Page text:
The prospect of liquified natural gas (LNG) exports to Japan is yet another potential benefits of natural gas production in the United States and New Mexico. While short term prices are extremely low, the longer term prospects for natural gas appear to be strong. Natural gas is likely to become a larger source of electricity, transportation fuel and now LNG. Prospects of LNG Exports From the United States to Japan, an article by D.K. Das in the Energy Tribune offers a great economic analysis of the rapidly growing natural gas production capabilities in the major shale formations in the United States.
The recent press releases by the Wild Earth Guardians and the Center for Biological Diversity criticizing the claim that an Endangered Species Act listing for the Dunes Sagebrush Lizard will cost jobs and decrease economic activity in southeastern New Mexico is yet another orchestrated attempt by these groups to mislead the public while hiding their real agenda. To suggest that placing the Dunes Sagebrush Lizard on the Endangered Species List will not affect jobs or the economy is wrong, and these groups know better.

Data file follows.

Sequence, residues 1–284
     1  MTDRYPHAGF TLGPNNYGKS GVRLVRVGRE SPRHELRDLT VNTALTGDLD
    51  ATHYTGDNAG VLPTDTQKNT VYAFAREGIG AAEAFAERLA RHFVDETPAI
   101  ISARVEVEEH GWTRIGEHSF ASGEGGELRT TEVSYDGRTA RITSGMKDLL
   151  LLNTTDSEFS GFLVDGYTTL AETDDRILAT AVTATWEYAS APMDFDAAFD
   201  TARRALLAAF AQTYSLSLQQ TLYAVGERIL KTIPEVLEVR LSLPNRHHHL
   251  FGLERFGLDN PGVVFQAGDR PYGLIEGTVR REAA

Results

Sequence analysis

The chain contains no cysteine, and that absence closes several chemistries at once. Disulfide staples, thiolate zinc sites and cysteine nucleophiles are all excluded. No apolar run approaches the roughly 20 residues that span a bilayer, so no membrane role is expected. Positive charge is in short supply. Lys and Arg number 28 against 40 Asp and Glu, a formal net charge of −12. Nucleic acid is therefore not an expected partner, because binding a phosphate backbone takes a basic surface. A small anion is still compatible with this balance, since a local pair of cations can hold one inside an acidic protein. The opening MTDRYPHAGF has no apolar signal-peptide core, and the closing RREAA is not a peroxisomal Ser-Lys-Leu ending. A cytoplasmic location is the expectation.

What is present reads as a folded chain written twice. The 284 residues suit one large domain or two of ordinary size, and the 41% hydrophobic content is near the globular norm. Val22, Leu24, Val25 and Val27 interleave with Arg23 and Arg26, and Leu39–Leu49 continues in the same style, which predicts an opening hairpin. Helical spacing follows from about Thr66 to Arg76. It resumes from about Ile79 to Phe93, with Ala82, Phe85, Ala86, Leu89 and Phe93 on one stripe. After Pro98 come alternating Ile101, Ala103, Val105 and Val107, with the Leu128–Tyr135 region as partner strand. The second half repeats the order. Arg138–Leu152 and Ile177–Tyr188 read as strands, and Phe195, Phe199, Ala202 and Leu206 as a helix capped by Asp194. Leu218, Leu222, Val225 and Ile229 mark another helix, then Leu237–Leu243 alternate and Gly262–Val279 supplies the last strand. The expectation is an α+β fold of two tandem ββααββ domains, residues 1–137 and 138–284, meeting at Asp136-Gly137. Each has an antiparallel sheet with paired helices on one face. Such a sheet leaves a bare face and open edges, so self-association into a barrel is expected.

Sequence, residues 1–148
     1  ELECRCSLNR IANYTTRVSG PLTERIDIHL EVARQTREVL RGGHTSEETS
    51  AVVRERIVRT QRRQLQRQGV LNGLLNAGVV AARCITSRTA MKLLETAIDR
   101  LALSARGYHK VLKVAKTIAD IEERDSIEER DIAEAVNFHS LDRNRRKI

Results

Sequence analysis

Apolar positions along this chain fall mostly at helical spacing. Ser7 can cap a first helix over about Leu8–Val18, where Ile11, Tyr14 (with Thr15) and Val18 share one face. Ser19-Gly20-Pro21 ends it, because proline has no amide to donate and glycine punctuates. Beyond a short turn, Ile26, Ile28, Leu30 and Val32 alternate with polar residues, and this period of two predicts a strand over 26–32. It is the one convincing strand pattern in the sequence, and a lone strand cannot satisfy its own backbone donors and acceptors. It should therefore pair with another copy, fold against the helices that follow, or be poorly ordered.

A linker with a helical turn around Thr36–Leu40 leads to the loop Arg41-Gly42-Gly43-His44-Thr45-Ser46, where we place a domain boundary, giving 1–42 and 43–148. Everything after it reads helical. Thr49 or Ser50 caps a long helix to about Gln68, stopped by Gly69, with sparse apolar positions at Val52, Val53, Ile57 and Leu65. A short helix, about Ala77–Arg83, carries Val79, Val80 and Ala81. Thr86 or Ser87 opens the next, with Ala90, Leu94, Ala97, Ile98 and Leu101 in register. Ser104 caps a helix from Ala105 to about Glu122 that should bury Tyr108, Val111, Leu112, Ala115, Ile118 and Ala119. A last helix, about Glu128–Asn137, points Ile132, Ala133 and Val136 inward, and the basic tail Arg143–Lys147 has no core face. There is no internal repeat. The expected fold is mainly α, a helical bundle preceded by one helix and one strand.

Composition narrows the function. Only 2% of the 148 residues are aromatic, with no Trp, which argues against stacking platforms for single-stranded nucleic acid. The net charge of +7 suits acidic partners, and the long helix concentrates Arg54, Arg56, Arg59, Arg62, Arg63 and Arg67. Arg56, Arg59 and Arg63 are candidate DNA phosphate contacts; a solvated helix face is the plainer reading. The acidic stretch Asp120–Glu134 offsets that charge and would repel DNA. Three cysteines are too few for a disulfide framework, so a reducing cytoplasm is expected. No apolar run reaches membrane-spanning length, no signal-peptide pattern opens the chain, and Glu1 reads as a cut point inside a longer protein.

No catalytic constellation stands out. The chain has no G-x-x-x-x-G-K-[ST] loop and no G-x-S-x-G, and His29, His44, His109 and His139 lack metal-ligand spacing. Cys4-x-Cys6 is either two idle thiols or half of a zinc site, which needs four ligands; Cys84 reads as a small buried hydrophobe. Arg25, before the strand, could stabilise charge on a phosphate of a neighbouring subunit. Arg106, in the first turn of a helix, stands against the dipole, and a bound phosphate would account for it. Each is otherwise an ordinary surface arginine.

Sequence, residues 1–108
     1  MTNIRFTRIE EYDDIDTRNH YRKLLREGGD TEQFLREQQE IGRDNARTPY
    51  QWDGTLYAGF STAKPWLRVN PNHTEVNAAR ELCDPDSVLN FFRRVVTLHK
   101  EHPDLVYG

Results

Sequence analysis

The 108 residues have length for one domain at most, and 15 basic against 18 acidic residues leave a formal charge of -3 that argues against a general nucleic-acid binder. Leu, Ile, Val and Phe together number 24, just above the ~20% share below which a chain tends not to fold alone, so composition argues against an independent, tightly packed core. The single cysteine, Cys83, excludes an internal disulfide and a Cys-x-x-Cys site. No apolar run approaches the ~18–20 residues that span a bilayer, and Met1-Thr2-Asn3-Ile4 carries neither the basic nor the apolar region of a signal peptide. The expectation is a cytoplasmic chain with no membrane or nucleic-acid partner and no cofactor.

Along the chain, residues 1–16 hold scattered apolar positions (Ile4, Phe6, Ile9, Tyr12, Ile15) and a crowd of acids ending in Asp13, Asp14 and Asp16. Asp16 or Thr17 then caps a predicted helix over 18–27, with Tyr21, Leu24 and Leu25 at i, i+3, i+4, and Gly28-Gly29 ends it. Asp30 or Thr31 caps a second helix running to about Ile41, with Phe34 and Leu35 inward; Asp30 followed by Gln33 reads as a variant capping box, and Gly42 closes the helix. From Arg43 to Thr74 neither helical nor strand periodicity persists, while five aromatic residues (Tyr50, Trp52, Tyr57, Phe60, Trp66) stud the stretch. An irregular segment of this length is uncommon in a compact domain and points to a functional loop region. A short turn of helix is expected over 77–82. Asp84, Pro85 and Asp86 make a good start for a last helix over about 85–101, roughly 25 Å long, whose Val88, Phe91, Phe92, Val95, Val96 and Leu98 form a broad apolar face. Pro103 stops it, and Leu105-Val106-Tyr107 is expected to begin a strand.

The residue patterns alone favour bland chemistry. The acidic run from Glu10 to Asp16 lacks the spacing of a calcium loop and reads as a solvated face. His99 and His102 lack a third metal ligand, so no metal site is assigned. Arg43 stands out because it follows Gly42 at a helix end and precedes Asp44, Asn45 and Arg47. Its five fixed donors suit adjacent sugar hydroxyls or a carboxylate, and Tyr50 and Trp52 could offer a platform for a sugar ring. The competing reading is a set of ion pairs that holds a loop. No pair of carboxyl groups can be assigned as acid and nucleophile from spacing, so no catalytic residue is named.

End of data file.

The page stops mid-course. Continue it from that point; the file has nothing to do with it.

Wild Earth Guardians and the Center for Biological Diversity cite recent lease data from the Bureau of Land Management as justification for their arguments. Such a position is disingenuous, at best. The Bureau of Land Management, through their planning process, has permanently withdrawn thousands of acres from future leasing. This decision, in and by itself, removes the resource developmental opportunities, jobs, taxes, royalties and economic activity associated with new drilling on these off-limits lands.
In addition, the lease offerings by the Bureau of Land Management cited will require extensive analysis and mitigation, if located in lizard habitat. The required mitigation, whether it be directional drilling, avoidance, timing limitations, or some other restrictions, may make these new leases less attractive and less likely to be developed, adversely impacting jobs and the economy of southeastern New Mexico.